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G.R. No. 132529 – 351 SCRA 127 – Civil Law – Persons and Family Relations – Family Code – Article 40; Validity of Marriage as a Prejudicial Question
In 1969 SPO4 Santiago Cariño married Susan Nicdao Cariño. He had 2 children with her. In 1992, SPO4 contracted a second marriage, this time with Susan Yee Cariño. In 1988, prior to his second marriage, SPO4 Cariño was already bedridden and he was under the care of Yee. In 1992, he died 13 days after his marriage with Yee. Thereafter, the both Susan Nocdao and Susan Yee went to claim the benefits of SPO4 Cariño. Nicdao was able to claim a total of P140,000.00 while Yee was able to collect a total of P21,000.00. In 1993, Yee filed an action for collection of sum of money against Nicdao. She wanted to have half of the P140k. Yee admitted that her marriage with SPO4 was solemnized during the subsistence of the marriage between SPO4 Cariño and Nicdao but the said marriage between Nicdao and SPO4 Cariño is null and void due to the absence of a valid marriage license as certified by the local civil registrar. Yee also claimed that she only found out about the previous marriage on SPO4 Cariño’s funeral.
ISSUE: Whether or not the court may pass upon the validity of the marriages herein to resolve the claim of presumptive legitime.
HELD: Yes. The marriage between Nicdao and SPO4 Cariño is void due the absence of a valid marriage license. The marriage between Yee and SPO4 Cariño is likewise void for the same has been solemnized without the judicial declaration of the nullity of the marriage between Nicdao and SPO4 Cariño. Under Article 40 of the Family Code, the absolute nullity of a previous marriage may be invoked for purposes of remarriage on the basis solely of a final judgment declaring such previous marriage void. Meaning, where the absolute nullity of a previous marriage is sought to be invoked for purposes of contracting a second marriage, the sole basis acceptable in law, for said projected marriage to be free from legal infirmity, is a final judgment declaring the previous marriage void. However, for purposes other than remarriage, no judicial action is necessary to declare a marriage an absolute nullity. For other purposes, such as but not limited to the determination of heirship, legitimacy or illegitimacy of a child, settlement of estate, dissolution of property regime, or a criminal case for that matter, the court may pass upon the validity of marriage even after the death of the parties thereto, and even in a suit not directly instituted to question the validity of said marriage, so long as it is essential to the determination of the case. In such instances, evidence must be adduced, testimonial or documentary, to prove the existence of grounds rendering such a previous marriage an absolute nullity. These need not be limited solely to an earlier final judgment of a court declaring such previous marriage void.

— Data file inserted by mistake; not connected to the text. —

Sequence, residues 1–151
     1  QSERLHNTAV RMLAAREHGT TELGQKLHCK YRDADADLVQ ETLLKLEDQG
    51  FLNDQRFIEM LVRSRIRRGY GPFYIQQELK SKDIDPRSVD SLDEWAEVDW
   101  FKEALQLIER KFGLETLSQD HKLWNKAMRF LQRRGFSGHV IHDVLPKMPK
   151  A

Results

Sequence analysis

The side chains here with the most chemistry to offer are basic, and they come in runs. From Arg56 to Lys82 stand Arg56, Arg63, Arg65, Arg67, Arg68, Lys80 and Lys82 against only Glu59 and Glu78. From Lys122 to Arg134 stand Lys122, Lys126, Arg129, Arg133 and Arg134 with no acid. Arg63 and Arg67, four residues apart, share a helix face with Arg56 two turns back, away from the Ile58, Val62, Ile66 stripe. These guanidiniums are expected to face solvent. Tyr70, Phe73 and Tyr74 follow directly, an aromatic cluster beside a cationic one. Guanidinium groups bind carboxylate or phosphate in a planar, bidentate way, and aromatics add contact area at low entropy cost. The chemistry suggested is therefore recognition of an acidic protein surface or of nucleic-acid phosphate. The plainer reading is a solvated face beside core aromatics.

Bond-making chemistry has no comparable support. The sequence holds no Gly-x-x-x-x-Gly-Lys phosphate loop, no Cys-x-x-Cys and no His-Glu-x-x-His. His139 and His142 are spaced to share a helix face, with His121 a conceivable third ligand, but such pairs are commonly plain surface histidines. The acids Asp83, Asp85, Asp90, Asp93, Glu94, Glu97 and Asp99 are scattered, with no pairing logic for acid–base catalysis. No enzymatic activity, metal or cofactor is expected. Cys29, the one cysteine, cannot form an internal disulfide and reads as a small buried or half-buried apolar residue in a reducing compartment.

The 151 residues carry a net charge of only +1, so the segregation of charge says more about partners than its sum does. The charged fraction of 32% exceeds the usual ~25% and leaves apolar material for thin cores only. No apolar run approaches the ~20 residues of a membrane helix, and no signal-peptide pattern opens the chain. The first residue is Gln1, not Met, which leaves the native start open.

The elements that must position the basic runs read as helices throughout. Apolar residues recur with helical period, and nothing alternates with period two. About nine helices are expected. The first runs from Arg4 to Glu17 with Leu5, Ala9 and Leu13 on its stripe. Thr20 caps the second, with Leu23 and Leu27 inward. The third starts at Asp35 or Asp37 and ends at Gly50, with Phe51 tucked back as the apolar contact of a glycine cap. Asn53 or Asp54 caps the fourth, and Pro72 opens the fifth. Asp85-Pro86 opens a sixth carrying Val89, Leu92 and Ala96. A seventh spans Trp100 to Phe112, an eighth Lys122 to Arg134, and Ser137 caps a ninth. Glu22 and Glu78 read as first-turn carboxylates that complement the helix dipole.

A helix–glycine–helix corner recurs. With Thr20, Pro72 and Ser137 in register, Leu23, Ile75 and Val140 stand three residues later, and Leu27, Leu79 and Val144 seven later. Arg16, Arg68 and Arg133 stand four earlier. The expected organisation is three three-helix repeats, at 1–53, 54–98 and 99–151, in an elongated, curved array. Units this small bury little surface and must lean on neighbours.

The SC ruled that Yee has no right to the benefits earned by SPO4 Cariño as a policeman for their marriage is void due to bigamy; she is only entitled to properties, money etc owned by them in common in proportion to their respective contributions. Wages and salaries earned by each party shall belong to him or her exclusively (Art. 148 of FC). Nicdao is entitled to the full benefits earned by SPO4 Cariño as a cop even if their marriage is likewise void. This is because the two were capacitated to marry each other for there were no impediments but their marriage was void due to the lack of a marriage license; in their situation, their property relations is governed by Art 147 of the FC which provides that everything they earned during their cohabitation is presumed to have been equally contributed by each party – this includes salaries and wages earned by each party notwithstanding the fact that the other may not have contributed at all.